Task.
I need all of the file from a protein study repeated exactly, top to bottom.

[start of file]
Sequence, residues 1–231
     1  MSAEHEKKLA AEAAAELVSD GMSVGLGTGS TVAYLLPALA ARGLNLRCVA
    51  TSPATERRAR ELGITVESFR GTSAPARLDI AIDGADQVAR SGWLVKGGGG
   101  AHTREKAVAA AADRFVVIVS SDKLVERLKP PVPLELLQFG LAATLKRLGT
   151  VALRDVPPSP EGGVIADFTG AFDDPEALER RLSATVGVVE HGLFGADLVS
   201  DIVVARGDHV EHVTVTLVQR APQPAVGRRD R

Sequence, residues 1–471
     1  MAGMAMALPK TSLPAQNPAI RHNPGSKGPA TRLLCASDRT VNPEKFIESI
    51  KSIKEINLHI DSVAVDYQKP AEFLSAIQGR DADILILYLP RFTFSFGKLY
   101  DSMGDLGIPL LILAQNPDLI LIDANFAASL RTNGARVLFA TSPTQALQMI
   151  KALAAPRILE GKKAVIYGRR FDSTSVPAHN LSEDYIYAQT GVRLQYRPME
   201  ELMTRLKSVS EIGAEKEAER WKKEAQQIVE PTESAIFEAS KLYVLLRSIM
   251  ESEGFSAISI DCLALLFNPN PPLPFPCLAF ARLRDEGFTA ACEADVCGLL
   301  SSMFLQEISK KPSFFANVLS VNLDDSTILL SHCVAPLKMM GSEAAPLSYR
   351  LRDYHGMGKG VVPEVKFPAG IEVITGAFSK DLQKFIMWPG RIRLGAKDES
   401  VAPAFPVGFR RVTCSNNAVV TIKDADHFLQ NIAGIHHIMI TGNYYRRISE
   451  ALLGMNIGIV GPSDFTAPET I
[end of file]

Sequence, residues 1–231
     1  MSAEHEKKLA AEAAAELVSD GMSVGLGTGS TVAYLLPALA ARGLNLRCVA
    51  TSPATERRAR ELGITVESFR GTSAPARLDI AIDGADQVAR SGWLVKGGGG
   101  AHTREKAVAA AADRFVVIVS SDKLVERLKP PVPLELLQFG LAATLKRLGT
   151  VALRDVPPSP EGGVIADFTG AFDDPEALER RLSATVGVVE HGLFGADLVS
   201  DIVVARGDHV EHVTVTLVQR APQPAVGRRD R

Sequence, residues 1–471
     1  MAGMAMALPK TSLPAQNPAI RHNPGSKGPA TRLLCASDRT VNPEKFIESI
    51  KSIKEINLHI DSVAVDYQKP AEFLSAIQGR DADILILYLP RFTFSFGKLY
   101  DSMGDLGIPL LILAQNPDLI LIDANFAASL RTNGARVLFA TSPTQALQMI
   151  KALAAPRILE GKKAVIYGRR FDSTSVPAHN LSEDYIYAQT GVRLQYRPME
   201  ELMTRLKSVS EIGAEKEAER WKKEAQQIVE PTESAIFEAS KLYVLLRSIM
   251  ESEGFSAISI DCLALLFNPN PPLPFPCLAF ARLRDEGFTA ACEADVCGLL
   301  SSMFLQEISK KPSFFANVLS VNLDDSTILL SHCVAPLKMM GSEAAPLSYR
   351  LRDYHGMGKG VVPEVKFPAG IEVITGAFSK DLQKFIMWPG RIRLGAKDES
   401  VAPAFPVGFR RVTCSNNAVV TIKDADHFLQ NIAGIHHIMI TGNYYRRISE
   451  ALLGMNIGIV GPSDFTAPET I